My work intermingles ecology and energies; from living cellular species such as plants and micro-organisms; from electronic mediums such as radio waves, electrons, and photons, into forms of interactive installations and performances for specific social and geophysical sites. My PhD project is focused on critical plant studies and new materialism, exploring plant to human relationships through concepts such as extraterrestrial gardening, rogue "systems" and autonomous environments, edibles and performance, and rapid prototyping with dynamic materials2.

1I am interested in exploring Bergson's concept of duration from the text Creative Evolution, 1911. In the first chapter Bergson writes: For our duration is not merely one instant replacing another; if it were, there would never be anything but the present – no prolonging of the past into the actual, no evolution, no concrete duration. Duration is the continuous progress of the past which gnaws into the future and which swells it as it advances (Bergson, 4).

2Critical plant studies is in reference to recent writing by Michael Marder. In his role as editor of a new book series from Rodopi press, Marder defines CPS: The goal of "Critical Plant Studies" is to initiate an interdisciplinary dialogue, whereby philosophy and literature would learn from each other to think about, imagine, and describe, vegetal life with critical awareness, conceptual rigour, and ethical sensitivity. Literary works featuring plant imagery may be analysed with reference to philosophical frameworks, while philosophical discussions of the meanings of vegetal life may be enriched and supported with the tools of literary criticism. Another dialogic dimension of the series entails a sustained engagement between Western and non-Western philosophies and religious traditions, representative of the human attitudes to plants. This “cross-pollination” of different fields of knowledge and experience will become possible thanks to the fundamental role plants play in human life, regardless of their backgrounding or neglect. From Rodopi publishing: http://www.rodopi.nl/senj.asp?SerieId=PLANT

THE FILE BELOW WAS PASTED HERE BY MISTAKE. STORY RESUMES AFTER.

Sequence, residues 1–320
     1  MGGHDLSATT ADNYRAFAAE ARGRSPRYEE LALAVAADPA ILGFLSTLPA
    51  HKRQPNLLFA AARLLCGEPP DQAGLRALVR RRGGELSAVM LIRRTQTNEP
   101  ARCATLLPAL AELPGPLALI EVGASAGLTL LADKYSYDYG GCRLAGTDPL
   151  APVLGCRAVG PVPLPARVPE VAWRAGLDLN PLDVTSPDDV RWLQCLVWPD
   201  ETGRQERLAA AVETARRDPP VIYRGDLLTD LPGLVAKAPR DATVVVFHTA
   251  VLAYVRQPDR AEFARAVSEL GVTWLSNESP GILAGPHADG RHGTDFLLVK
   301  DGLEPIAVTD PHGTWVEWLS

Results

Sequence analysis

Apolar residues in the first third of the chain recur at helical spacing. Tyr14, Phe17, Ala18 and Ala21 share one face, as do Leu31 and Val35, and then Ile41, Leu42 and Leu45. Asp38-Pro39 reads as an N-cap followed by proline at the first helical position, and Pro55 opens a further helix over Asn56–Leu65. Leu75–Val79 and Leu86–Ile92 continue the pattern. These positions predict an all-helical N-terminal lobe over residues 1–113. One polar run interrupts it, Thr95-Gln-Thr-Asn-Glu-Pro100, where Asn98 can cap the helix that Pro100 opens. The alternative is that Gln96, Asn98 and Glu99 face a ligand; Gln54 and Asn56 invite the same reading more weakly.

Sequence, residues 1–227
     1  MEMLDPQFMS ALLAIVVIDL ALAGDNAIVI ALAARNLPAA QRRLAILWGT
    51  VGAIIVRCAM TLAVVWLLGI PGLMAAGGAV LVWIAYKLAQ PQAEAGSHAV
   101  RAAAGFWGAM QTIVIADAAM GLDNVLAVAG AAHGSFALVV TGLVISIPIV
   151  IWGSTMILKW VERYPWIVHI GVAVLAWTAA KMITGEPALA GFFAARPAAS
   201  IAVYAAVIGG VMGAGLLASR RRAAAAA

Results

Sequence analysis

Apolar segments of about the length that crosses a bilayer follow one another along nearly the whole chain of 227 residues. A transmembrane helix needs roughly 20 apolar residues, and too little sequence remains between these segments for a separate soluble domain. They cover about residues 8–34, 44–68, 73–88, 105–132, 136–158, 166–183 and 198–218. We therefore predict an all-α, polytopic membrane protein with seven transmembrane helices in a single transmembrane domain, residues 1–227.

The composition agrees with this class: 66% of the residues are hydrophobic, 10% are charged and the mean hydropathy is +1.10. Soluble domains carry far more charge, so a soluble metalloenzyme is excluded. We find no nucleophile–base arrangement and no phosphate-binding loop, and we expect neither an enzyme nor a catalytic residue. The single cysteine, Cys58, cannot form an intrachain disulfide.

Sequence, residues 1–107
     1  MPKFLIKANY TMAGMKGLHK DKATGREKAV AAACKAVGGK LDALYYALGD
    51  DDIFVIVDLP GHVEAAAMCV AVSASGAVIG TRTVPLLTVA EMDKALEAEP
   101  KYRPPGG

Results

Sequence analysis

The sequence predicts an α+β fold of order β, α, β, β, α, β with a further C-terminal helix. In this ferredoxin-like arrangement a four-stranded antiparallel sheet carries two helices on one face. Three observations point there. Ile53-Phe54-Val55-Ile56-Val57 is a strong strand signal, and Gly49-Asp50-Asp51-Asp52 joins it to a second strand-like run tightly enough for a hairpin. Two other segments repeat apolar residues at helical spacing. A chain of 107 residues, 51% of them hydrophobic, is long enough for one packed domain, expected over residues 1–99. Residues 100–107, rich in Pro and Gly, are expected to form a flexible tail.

The new materialism I reference was introduced to me through the work of Jane Bennet, (Vibrant Matter: A Political Ecology of Things. Durham, NC: Duke University Press, 2009, and Coole D, Frost S (eds) (2010) New Materialisms : Ontology, Agency, and Politics. Durham, NC: Duke University Press.) but has also been expanding into speculative materialism through reading Graham Harmon and Timothy Morton (Harmon, Circus Philosophicus. Winchester, UK and Washington: ZerO Books, 2010. Harmon, The Quadruple Object. Winchester, UK and Washington: ZerO Books, 2011. Harmon, Weird Realism: Lovecraft and Philosophy. Winchester, UK and Washington: ZerO Books, 2012, Morton, Hyperobjects: Philosophy and Ecology After the End of the World, Minneapolis : University of of Minnesota Press, 2013 ). “Rouge Systems” refers to an installation that is set up to be purposely unpredictable where variables in the system engage one another and the outcome is unknown; for example the use of living materials and/or setting up materials into relationships where state transitions are inevitable (water and wood, dye and water, water and sunlight, spores and growth medium).

3 Conceptual guidance provided by Timothy Morton's writings on the mesh, hyperobjects and speculative sublime. The readings allow a kind of drift to occur between my studio endeavours and the ideas discussed through such philosophical texts.